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Andres Iniesta of Spain is tackled by Marcelo Diaz of Chile during the 2014 FIFA World Cup Brazil Group B match between Spain and Chile at Maracana on June 18, 2014 in Rio de Janeiro, Brazil. (Photo by David Ramos/Getty Images) Andres Iniesta of Spain is tackled by Marcelo Diaz of Chile during the 2014 FIFA World Cup Brazil Group B match between Spain and Chile at Maracana on June 18, 2014 in Rio de Janeiro, Brazil. (Photo by David Ramos/Getty Images)  

Spain Crashes Out Of World Cup With 2-0 Loss Against Chile

In soccer, dominance can end abruptly in disaster. Twelve years ago, France, then World and European champions, took a squad to the World Cup containing the top scorers in Italy, France and England only to return home without a single goal to their names. A 2-0 defeat in game three of the group stages against Denmark signaled the death knell of France’s dominance. Spain’s humiliation in Brazil was complete after just game two.

It’s strange to think that just two years ago when Spain defeated Italy 4-0 to retain the European Championship, goalkeeper Iker Casillas asked the referee to blow his whistle out of respect for their hapless (and injury ravaged) opponents. After defeats against the Netherlands and Chile ended their hopes of becoming the first nation to repeat as World Cup champions since Brazil in 1962, it’s now the Spanish (particularly Casillas) that need to be put out of their misery. None of the squad came to Brazil expecting their final game to be against Australia with just pride at stake.

After they were destroyed by the Netherlands, Wednesday’s fixture against Chile offered a shot at redemption. But overcoming Chile was never going to be easy, and given their very own wealth of talent they certainly had no plans to battle it out with Australia for third spot in Group B.

Xabi Alonso, who claimed this week that the plight of his team had been “exaggerated,” was the main culprit for Chile’s opening goal. A poorly hit pass by Alonso was intercepted by Alexis Sánchez whose perfectly timed through ball to Charles Aránguiz set up Eduardo Vargas for the opener after just 20 minutes.

Unlike last week against the Netherlands, however, falling behind helped bring the Spanish to life, and they enjoyed a fair amount of possession, with both Diego Costa and Alonso spurning chances to level things up.

But just moments after Alonso went into American referee Mark Geiger’s book (probably the best referee at the World Cup thus far) for a late challenge on Mauricio Isla, Chile would double their lead, leaving their opponents staring into the abyss. Casillas dealt poorly with Sánchez’s free-kick, recklessly punching it only as far as Aranguiz whose cheeky toe-poke evaded the veteran goalkeeper and put Chile two-up. The dream was fading fast.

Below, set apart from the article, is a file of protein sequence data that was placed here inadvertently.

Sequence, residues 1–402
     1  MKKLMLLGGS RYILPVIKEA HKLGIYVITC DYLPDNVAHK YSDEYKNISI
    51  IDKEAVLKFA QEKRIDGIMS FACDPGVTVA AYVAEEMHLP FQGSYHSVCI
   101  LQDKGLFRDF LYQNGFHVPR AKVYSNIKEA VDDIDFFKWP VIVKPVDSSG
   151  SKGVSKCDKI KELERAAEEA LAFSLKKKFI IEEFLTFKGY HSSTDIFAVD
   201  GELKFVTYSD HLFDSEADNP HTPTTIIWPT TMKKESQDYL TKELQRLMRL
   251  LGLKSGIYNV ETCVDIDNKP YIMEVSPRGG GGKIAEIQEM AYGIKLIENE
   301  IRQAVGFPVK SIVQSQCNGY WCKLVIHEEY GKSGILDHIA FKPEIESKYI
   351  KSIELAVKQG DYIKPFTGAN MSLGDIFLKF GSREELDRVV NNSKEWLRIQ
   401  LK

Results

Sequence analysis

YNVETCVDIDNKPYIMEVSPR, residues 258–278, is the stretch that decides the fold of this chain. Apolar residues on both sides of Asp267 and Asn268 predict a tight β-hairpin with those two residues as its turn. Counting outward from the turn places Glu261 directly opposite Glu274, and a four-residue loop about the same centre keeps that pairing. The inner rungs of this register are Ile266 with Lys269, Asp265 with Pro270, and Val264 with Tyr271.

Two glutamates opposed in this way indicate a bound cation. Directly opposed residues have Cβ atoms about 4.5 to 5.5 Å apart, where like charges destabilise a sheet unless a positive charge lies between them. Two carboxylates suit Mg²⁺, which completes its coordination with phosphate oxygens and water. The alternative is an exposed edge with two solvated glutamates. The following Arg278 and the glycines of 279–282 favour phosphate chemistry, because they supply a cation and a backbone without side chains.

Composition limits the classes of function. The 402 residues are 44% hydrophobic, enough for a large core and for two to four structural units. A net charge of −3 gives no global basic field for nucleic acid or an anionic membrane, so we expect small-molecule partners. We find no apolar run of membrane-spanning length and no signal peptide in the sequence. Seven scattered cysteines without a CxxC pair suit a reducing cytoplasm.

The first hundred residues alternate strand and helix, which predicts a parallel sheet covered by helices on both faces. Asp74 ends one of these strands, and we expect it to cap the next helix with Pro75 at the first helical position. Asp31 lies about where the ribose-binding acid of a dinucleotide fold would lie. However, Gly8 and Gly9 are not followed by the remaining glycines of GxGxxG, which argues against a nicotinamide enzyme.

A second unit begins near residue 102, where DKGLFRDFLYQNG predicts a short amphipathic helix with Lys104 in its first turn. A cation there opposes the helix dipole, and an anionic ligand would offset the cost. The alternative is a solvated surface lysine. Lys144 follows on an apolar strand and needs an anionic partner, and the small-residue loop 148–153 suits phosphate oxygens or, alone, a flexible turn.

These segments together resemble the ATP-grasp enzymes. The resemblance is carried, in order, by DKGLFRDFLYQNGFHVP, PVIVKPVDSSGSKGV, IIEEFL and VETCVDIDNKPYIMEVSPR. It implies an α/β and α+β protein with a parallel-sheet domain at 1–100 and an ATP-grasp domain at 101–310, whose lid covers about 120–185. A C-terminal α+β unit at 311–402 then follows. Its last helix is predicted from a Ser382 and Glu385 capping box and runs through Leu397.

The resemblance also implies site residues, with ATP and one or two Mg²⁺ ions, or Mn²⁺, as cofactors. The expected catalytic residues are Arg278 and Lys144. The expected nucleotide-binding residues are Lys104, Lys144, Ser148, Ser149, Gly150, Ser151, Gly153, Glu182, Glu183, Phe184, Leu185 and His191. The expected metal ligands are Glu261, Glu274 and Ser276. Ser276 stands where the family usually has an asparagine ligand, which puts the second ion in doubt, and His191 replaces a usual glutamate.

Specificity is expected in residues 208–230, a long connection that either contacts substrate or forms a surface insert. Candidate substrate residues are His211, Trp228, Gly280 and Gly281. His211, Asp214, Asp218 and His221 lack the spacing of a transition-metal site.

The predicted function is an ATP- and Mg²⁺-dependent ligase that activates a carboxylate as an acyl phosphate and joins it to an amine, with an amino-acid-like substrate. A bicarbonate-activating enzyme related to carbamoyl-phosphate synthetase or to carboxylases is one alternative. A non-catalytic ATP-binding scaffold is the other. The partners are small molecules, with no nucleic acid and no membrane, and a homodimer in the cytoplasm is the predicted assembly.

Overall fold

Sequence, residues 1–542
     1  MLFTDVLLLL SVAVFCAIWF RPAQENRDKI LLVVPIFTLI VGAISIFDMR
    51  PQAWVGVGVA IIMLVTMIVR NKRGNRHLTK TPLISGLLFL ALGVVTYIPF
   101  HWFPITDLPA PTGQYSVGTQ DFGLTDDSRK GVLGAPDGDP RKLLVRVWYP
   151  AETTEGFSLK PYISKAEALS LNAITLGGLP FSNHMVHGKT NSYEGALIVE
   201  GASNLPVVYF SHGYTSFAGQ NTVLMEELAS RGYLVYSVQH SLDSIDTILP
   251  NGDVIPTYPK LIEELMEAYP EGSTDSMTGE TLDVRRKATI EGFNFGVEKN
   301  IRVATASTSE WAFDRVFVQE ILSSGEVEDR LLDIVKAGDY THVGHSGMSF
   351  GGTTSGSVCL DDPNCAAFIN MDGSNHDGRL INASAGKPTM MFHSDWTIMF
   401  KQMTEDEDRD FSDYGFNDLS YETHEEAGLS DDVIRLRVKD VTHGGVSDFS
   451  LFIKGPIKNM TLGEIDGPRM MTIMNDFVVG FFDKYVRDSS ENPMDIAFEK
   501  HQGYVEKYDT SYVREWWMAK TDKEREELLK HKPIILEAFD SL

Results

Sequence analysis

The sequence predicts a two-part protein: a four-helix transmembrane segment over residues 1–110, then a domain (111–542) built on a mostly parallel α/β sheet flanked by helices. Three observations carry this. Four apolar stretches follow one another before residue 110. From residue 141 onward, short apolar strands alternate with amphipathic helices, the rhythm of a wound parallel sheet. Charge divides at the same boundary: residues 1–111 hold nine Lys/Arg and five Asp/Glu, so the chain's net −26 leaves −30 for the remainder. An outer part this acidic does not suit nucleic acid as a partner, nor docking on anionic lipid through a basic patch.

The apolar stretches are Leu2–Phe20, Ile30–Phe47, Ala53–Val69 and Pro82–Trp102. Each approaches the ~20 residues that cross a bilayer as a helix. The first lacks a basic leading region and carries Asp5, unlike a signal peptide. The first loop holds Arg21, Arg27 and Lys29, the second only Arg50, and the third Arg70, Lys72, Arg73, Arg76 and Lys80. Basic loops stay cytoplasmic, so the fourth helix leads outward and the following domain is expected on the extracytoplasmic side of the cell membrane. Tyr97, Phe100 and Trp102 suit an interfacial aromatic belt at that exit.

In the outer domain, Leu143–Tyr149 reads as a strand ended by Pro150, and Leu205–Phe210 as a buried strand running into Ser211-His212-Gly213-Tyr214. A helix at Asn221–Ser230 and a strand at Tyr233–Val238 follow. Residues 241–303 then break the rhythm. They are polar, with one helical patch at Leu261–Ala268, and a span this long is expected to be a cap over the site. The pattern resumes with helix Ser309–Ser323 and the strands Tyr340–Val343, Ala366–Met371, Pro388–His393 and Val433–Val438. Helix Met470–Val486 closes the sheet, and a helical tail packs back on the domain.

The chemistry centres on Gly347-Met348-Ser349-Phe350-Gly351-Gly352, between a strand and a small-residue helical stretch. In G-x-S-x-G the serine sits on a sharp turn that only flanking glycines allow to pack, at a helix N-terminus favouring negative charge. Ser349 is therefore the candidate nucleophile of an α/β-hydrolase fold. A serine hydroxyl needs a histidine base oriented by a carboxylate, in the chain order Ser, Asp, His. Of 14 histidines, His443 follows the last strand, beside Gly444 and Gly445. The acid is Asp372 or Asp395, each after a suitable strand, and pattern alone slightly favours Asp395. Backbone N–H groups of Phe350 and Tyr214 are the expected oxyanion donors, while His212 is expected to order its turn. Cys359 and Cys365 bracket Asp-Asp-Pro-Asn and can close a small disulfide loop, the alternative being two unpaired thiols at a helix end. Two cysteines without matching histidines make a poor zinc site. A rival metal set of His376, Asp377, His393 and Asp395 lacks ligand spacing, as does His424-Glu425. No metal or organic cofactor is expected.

If there was ever a time to for Spain to panic it was at halftime. Alonso, who despite issuing his rallying call, had a poor game and was replaced by Atlético Madrid starlet Koke. The substitute made an immediate impact with a perfect interception and link-up play with Andrés Iniesta who put Costa through on goal but the forward, clearly struggling with fitness, failed to deliver a goal.

But if Costa should have done better, Sergio Busquets might be guilty of the miss of the tournament. After Costa’s overhead kick the ball landed at the Barcelona midfielder just two yards from goal, only to bounce of his shin and go wide. It perfectly summed up Spain’s performance — and their World Cup.

Although the Spanish had opportunities to drag themselves back into the game, the Chileans were also guilty of spurning chances. After a neat break-away, the ball fell to Isla for what seemed like an easy finish, only the Juventus star somehow put the ball high over the crossbar.

A three-goal margin would have been quite flattering for Chile. Instead they had to make do with two and eliminating the most dominant force in global soccer in generations.

What we learned about … Spain:  Certainly the end of an era, although Spain still possesses plenty of experience and youngsters to still be a force in global soccer. It’s doubtful whether Alonso, Casillas, Xavi and many others will ever appear on the international stage.

It’s also questionable whether coach Vincente del Bosque will remain at the helm. Del Bosque, who had hinted at retirement recently, has been lionized for winning both the World Cup and two European Championships, but will face tough questions about his selections when he steps off the plane in Spain. For a team that dominated sides through possession, their opponents found them out. From then on, it was just all too easy.

What we learned about … Chile:  Fantastic to watch and deserved winners. It had already been noted that if Chile could overcome the odds and qualify from Group B they’d be in contention for a long and fruitful run in this World Cup.

When he plays well, Sanchez is as good as anyone, and even a half-fit Arturo Vidal would probably walk in to most midfields at the club (and international) level. Now that they’ve secured qualification, it remains to be seen whether they’ll rest players (especially with a few question marks around fitness) for their final game against the Netherlands, but few teams will be desperate to draw Chile in the Round of 16.

Ewan Watt writes extensively on state and national issues in the US, covering the 2012 presidential election for both print and online publications. He is providing commentary for the Daily Caller on a regular basis throughout the World Cup. He writes strictly in a personal capacity. You can follow him on Twitter at @ewancwatt